Armenian Gangs: Caught between an Archetype and a Cliché

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19:15, July 12, 2014

By Marineh Khachadour

“The whole thing started with a scene straight out of a mobster movie. It was around 6 p.m. when more than a dozen men from two organized crime groups opened fire on each other in a North Hollywood parking lot. Witnesses say nearly everyone was armed, and the shootout quickly went mobile. The men took off in cars, exchanging fire as they weaved through the Whitsett Avenue traffic.”

Stories such as this are not unique to Armenians in the American press, but this investigative report recently published in the LA Weekly is about Armenian Power, the Los Angeles based Armenian gang that operates in the heavily Armenian populated communities of Glendale, Burbank, and North Hollywood.

Want to Write for Hetq?

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10:24, March 14, 2014

I’m looking for freelancers who can broaden the scope of Hetq’s English edition

Arts & Culture, Commentary, Politics, Civil Society, Interviews…

Anything interesting happening in your local community you’d like to share?

Write to me with your ideas and story suggestions.

Hrant at hg.hetq@gmail.com

Source: HetqOriginial Article

For Better or For Worse: Nature Protection Ministry Proposes Amendments to Water Use Laws

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16:44, February 14, 2014

With the goal of providing a systematic solution to issues of effective use of water resources in Ararat valley, the Ministry of Nature Protection of the Republic of Armenia (RA) is proposing amendments and additions to the RA Water Code, and the RA laws on the Republic of Armenia’s National Water Program, on Licensing, and on State Tax.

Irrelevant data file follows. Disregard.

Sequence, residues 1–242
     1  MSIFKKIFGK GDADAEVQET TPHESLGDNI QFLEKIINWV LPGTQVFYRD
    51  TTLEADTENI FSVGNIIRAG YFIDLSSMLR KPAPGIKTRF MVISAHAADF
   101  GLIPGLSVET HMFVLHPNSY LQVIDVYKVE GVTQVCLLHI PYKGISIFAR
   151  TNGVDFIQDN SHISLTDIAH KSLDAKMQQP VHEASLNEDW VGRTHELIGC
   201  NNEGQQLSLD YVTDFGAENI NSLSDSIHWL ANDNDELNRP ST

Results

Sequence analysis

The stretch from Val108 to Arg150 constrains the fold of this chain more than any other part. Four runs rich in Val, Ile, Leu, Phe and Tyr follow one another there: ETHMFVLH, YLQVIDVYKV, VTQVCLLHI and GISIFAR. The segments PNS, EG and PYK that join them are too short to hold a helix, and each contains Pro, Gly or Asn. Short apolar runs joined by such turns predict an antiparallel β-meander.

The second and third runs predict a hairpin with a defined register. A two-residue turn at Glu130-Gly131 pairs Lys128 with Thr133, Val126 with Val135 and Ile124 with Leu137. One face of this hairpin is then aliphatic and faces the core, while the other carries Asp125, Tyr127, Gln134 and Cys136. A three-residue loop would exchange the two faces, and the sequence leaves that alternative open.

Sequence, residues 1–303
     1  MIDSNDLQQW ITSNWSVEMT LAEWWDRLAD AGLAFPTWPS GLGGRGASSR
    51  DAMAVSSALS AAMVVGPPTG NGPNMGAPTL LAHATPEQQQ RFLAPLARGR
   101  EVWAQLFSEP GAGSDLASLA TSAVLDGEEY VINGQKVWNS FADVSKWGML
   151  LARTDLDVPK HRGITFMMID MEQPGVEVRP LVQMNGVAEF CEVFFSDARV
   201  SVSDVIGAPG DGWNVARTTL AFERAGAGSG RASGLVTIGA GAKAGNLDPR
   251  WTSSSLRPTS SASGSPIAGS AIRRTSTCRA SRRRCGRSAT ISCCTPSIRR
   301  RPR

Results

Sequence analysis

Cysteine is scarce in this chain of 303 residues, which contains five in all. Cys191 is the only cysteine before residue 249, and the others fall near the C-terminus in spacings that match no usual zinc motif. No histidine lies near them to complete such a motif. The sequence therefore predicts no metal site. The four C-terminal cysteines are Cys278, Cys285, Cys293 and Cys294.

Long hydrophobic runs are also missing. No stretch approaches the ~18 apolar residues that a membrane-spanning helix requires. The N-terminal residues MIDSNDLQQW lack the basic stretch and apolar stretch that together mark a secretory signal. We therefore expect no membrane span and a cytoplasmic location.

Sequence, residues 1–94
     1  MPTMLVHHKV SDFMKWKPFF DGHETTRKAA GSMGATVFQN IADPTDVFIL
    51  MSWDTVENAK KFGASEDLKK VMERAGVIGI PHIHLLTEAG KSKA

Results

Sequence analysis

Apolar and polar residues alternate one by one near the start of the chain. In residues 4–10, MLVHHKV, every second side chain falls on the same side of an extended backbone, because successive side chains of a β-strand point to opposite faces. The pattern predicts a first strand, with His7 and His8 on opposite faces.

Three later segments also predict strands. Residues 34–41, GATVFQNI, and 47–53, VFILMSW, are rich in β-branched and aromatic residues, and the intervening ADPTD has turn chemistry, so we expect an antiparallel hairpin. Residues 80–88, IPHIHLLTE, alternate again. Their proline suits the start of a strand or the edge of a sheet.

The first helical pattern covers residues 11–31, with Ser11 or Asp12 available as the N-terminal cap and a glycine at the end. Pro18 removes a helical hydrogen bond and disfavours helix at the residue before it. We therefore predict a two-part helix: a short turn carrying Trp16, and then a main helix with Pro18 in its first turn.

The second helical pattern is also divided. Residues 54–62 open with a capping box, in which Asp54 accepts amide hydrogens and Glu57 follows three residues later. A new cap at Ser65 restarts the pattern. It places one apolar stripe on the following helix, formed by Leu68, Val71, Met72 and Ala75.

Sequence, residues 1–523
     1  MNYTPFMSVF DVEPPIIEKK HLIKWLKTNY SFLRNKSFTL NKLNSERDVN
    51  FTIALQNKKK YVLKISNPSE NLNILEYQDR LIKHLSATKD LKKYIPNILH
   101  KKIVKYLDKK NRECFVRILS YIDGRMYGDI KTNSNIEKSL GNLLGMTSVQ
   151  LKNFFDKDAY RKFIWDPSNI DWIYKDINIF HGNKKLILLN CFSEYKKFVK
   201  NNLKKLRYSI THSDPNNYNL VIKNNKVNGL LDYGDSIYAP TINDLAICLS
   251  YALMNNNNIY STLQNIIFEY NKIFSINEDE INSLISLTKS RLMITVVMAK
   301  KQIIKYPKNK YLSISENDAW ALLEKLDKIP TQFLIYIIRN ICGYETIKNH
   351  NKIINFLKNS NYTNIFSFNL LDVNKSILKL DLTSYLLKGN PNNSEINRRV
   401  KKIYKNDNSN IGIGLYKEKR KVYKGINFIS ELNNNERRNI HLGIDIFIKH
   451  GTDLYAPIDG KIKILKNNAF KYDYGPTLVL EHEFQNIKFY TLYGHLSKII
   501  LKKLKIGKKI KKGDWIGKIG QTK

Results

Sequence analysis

The proposed legislative package has been sent to the relevant state agencies for their input.

Head of the Ministry of Nature Protection’s Water Resources Management Agency Volodya Narimanyan told Hetq, said that with this amendment package his ministry is attempting to clarify the ideas and the ambiguous commentary, as well as introduce new requirements. For example, one of the main points of the proposed amendments is if water use permit conditions are not met, the water use permit might be annulled.

2013 in Civil Society: Protests and more protests

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The struggle of civil movements this year has been comprehensive and diverse with limited success in certain fields due to unified efforts and active involvement of the civil society.

Despite the rather passive start of the year in terms of civil movements, the second half of 2013 turned out to be tense with active developments.

Some analysts believe that especially after the February 18 presidential ballot, when current president Serzh Sargsyan won a decisive victory over his opponents and was re-elected for a second term, despite the widespread poverty and atmosphere of injustice in the country, people became even more aware of the fact that is it impossible to achieve changes via elections and started practicing their constitutional rights to civil protest and disobedience more frequently.